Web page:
It is fairly common practice for those diagnosed with breast cancer to have genetic testing. Genetic testing is almost unheard of when men are diagnosed with prostate cancer. Current research shows that genetic testing for men with prostate cancer could provide important information about both potential treatment efficacy and prognosis.

A recent look at the role of a germ-line BRCA2 mutation in the development of prostate cancer moved forward our understanding of the clinical presentation and how it links to possible outcomes.

A total of 148 men from 1,423 families were ascertained from the kConFab consortium. Each participant met the following criteria: (i) a verified case of prostate cancer; (ii) confirmed as either a carrier or non-carrier of a family-specific BRCA pathogenic mutation; (iii) comprehensive clinical and treatment data were available. Clinical data were linked to treatment received and overall survival was analyzed by Kaplan–Meier.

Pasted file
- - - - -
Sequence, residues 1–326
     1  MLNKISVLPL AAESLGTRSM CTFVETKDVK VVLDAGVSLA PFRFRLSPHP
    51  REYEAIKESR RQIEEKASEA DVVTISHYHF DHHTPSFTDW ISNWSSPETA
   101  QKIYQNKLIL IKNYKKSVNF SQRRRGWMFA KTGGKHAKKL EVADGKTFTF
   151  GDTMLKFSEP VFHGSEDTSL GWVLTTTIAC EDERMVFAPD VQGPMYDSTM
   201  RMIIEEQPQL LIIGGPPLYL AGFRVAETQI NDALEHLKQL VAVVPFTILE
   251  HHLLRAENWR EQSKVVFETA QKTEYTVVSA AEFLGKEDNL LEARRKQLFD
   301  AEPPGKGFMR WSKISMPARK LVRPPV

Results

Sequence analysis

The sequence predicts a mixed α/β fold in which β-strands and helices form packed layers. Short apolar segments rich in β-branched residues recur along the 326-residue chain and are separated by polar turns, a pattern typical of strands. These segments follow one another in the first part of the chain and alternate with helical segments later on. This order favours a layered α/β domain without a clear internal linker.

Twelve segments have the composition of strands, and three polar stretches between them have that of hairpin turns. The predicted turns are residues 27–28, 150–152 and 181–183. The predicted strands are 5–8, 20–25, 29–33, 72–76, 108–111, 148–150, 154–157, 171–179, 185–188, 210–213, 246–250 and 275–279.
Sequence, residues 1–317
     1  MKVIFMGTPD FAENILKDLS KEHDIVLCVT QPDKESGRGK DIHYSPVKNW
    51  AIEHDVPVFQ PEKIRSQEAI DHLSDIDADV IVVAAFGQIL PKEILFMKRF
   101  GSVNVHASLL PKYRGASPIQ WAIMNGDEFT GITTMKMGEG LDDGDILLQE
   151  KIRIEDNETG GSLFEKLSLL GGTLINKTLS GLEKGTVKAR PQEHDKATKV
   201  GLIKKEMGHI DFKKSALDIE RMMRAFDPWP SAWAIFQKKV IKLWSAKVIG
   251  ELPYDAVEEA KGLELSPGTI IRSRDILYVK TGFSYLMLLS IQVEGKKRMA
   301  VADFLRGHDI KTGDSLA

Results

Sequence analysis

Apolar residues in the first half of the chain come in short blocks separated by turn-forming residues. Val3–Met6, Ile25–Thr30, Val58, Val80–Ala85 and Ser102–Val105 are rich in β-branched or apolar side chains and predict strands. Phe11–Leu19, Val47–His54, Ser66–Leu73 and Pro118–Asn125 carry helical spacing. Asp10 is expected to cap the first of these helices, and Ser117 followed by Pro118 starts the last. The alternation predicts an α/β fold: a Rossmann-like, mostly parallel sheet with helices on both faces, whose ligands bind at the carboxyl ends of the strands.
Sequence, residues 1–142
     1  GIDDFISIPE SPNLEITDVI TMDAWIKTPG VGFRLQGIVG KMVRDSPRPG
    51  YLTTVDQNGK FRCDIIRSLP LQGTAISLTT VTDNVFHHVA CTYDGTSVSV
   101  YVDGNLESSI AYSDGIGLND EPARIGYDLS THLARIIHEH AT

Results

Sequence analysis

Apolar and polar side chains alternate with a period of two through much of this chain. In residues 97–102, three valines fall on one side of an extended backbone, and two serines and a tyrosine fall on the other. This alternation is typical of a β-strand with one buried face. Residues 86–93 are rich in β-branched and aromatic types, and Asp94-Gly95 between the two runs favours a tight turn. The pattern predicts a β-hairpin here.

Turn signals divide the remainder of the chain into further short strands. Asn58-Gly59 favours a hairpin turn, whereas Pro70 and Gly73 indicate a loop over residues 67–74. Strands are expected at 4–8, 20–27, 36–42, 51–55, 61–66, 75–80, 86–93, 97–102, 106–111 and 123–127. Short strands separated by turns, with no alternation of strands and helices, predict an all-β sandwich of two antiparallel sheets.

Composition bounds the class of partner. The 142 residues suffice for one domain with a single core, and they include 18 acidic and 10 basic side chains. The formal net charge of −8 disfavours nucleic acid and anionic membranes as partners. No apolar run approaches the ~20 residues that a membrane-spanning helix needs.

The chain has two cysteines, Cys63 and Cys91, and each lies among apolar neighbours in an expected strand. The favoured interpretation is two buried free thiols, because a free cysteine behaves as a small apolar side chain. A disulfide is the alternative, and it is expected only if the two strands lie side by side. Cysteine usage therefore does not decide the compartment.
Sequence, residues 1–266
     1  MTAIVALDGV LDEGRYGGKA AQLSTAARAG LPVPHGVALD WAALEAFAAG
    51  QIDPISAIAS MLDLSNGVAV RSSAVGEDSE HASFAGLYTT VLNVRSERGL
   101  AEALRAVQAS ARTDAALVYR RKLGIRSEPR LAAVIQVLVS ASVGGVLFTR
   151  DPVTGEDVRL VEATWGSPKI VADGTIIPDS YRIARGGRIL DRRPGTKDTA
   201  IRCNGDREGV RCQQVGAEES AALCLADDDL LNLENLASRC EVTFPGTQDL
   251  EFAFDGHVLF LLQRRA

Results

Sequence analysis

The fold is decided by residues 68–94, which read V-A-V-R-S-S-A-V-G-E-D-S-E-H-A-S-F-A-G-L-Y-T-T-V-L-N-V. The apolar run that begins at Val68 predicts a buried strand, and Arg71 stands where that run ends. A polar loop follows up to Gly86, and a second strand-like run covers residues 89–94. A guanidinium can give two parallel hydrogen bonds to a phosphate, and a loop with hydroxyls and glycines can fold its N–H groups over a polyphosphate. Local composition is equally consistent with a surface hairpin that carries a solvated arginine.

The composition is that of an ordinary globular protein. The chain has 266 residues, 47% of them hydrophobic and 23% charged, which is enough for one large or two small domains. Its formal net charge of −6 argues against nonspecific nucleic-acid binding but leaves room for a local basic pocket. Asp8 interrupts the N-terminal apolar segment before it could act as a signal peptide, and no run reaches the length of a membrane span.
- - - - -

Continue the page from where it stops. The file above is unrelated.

We do know that prostate cancer in men whose families are breast cancer-prone have a high risk of disease progression, irrespective of their mutation status. However, we now know that men with a BRCA2 mutation carriers an increased risk of death and prostate cancer-related death

[HR (95% CI) 4.5 (2.12–9.52), P = 8.9 × 10?5] by comparison with non-carriers.

Serum PSA readings, even when age adjusted, taken prior to diagnosis in 90% of all men were above cli